N.J. hepatitis A outbreak: Number of cases up to 541 as hundreds line up for vaccines – NJ.com

The number of hepatitis A cases in New Jersey continues to grow and the vast majority of patients have been linked to an outbreak that began in December.

As of the New Jersey Department of Health’s Nov. 2 update, there have been 541 confirmed cases of hepatitis A in New Jersey since Dec. 1, when state officials say the ongoing outbreak of the disease began.

There have been six deaths from hepatitis A in New Jersey during the outbreak. Of the 398 cases that have the appropriate data available, 337 have resulted in hospitalizations.

By comparison, there were just 67 confirm hepatitis A cases in the Garden State between Dec. 1, 2017 and Nov. 2, 2018, according to the state. From 2013 to 2017, there were never more than 74 confirmed cases of the disease in New Jersey in a given year, according to the Centers for Disease Control and Prevention.

Anyone can get hepatitis A, but according to the state the highest risk is “among persons reporting homelessness, drug use, Men who have Sex with Men (MSM) and recent incarceration.”

According to the CDC, New Jersey is one of 28 states currently dealing with hepatitis A outbreaks. Kentucky has been hit the hardest, with 4,958 cases and 61 deaths as of Oct. 19. California and Utah also had recent outbreaks which have since been declared over.

It’s unclear when New Jersey’s outbreak may end, state officials said.

“It is difficult to predict exactly how long the outbreak will continue, but we are working with our public health partners to contain it,” said Donna Leusner, a spokeswoman for the DOH.

South Jersey has been hit hardest, according to the state’s numbers. Camden County has had by far the most confirmed cases, with 140 associated with the outbreak. Gloucester County has had the second most with 62.

Leusner said that New Jersey’s outbreak began in South Jersey, and noted that Philadelphia had its own outbreak of the disease in early 2019.

Most of the cases in Camden County have been people who are either dealing with homelessness or opioid abuse, according to county spokesman Dan Keashen.

“While the opioid epidemic continues to move through the community, it creates more opportunity for communicable diseases like this to thrive,” Keashen said.

Keashen said that cases in Camden County spiked in February, around the same time the Philadelphia outbreak began. Since then, Keashen said that the County has worked with shelter providers and social service providers to offer free hepatitis A vaccines and to educate at risk populations on disease prevention.

“We are working towards an end, and we have a good game plan in place,” Keashen said.

But cases of the disease have been confirmed in all 21 New Jersey counties. In June, exposure to hepatitis A at the Mendham Golf & Tennis Club in Morris County led to 27 confirmed cases and one death.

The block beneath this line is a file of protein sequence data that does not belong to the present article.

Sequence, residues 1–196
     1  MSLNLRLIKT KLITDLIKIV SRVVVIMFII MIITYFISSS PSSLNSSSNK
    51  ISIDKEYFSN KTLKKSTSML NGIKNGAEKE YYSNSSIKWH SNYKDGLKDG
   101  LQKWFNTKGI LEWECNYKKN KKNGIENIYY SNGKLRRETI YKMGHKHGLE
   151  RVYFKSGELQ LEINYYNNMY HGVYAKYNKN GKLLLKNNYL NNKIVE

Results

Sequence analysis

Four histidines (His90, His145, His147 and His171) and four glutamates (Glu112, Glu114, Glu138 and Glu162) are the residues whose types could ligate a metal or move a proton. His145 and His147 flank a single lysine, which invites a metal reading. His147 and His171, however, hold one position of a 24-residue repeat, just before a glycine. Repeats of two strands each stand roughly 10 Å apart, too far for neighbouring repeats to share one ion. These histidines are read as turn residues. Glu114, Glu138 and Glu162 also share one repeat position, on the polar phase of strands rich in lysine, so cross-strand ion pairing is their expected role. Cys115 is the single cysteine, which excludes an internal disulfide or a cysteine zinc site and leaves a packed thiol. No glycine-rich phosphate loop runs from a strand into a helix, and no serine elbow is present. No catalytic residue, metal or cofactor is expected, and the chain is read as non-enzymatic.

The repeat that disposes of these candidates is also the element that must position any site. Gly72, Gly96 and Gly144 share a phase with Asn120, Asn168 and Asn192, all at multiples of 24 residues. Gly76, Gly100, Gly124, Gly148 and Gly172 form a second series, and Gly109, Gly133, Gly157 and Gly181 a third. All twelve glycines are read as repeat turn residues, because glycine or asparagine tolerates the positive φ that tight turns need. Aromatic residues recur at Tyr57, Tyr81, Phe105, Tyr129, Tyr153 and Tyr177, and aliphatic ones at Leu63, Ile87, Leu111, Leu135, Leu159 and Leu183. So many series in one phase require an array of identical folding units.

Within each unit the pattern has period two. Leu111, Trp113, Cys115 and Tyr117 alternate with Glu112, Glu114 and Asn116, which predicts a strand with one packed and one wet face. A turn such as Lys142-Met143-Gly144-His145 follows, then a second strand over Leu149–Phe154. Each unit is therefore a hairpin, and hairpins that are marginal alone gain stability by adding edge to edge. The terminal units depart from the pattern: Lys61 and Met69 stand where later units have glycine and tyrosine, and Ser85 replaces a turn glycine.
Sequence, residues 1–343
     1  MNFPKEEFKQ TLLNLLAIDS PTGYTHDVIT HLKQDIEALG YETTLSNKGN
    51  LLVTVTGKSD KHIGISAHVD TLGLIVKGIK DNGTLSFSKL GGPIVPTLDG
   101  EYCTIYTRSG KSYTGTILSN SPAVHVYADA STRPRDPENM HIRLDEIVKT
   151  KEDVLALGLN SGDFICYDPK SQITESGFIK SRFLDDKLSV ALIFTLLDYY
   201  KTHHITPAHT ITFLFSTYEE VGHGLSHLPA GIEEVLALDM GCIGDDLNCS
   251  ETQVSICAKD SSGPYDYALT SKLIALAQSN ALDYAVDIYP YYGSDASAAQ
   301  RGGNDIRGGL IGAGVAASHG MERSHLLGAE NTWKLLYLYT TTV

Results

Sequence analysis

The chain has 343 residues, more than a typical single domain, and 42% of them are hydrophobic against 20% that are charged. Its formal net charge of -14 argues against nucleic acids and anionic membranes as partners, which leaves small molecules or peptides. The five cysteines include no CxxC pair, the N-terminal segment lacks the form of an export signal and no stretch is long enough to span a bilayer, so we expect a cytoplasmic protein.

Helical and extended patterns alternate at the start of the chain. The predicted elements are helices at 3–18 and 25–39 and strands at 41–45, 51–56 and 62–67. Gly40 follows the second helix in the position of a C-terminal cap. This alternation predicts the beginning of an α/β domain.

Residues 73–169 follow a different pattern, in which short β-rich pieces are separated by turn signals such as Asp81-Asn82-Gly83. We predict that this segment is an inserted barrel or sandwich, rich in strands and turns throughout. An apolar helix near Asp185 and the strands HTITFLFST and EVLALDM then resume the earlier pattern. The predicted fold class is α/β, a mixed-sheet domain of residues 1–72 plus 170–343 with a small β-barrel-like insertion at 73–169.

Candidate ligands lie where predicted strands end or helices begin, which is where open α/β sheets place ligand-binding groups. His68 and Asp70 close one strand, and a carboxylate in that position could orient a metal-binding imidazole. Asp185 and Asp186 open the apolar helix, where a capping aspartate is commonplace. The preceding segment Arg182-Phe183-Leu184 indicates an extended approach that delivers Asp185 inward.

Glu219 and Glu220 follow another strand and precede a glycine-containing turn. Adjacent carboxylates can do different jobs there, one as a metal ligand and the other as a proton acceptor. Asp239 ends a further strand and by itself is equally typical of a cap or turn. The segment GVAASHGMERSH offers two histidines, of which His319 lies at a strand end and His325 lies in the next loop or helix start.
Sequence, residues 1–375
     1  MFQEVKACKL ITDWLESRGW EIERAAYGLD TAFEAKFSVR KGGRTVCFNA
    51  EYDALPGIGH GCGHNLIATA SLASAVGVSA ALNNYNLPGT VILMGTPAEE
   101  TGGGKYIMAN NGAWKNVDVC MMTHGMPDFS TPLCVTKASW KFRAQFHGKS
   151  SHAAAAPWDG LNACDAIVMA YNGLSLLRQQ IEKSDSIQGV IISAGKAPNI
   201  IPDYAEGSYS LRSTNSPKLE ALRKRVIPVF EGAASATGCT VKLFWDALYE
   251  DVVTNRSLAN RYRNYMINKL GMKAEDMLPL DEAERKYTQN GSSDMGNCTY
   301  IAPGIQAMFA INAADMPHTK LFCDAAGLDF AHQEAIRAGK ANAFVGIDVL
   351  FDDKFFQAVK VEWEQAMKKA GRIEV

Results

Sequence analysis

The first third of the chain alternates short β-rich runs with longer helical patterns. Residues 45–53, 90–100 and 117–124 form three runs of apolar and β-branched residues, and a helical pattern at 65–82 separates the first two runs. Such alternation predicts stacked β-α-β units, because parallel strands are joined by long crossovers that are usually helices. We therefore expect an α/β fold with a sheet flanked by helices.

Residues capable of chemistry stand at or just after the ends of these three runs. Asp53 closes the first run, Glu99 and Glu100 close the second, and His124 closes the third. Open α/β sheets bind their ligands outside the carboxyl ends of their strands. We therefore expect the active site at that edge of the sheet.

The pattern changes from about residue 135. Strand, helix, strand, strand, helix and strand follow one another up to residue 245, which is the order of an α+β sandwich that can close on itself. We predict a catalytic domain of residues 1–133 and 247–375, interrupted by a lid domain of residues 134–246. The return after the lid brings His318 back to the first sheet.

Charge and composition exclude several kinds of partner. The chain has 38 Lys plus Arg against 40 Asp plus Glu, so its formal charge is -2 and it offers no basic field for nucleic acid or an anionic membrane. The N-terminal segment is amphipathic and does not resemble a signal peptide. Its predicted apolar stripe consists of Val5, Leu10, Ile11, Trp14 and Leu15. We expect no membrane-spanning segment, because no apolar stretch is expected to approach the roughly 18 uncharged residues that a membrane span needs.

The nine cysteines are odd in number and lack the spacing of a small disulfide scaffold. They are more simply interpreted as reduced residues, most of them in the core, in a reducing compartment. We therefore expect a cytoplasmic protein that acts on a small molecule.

Recently in Somerset County, a deli worker at a ShopRite in Somerville was confirmed to have hepatitis A. People who ate food from the deli or used the store’s bathrooms and have not previously been vaccinated against the disease are advised to get a vaccine within two weeks of eating the food. For most people, that cutoff date would be Nov. 13.

Somerset County health officials are offering free hepatitis A vaccines Wednesday and Thursday in response to the ShopRite case. About 200 people stood in line outside the Somerset County Department of Health on Wednesday afternoon, waiting to be vaccinated.

The Somerset County clinic closed early at 4:30 p.m. on Wednesday afternoon thank to “an overwhelming public demand,” according to a county press release. The clinic will still offer free vaccines on Thursday from noon to 8 p.m.

Over the summer, a worker at Stanhope’s Camp Somers in Sussex County was diagnosed with hepatitis A. And in January in Cape May County, an employee at a Dunkin’ Donuts in Ocean City was confirmed to have the disease.

Hepatitis A is an inflammation of the liver, according to the CDC. The virus that causes the infection is spread through stool; washing hands and practicing good hygiene is important to preventing the spread of the disease.

Symptoms may include fever, stomach problems, dark yellow urine, and yellow skin or eyes, according to the DOH. There is no specific treatment for hepatitis A and people with the disease typically recover on their own.

The DOH recommends vaccinations for people who are at risk of contracting the disease. Leusner said that local health departments around the state have administered 1,600 vaccines and are “providing education and awareness to countless more.” That number is in addition to vaccines administered by private physicians, emergency rooms and urgent cares.

This story was updated at 5:33 p.m. with additional information from Somerset County.

NJ Advance Media photographer Ed Murray contributed to this report.

Michael Sol Warren may be reached at [email protected]. Follow him on Twitter @MSolDub. Find NJ.com on Facebook.

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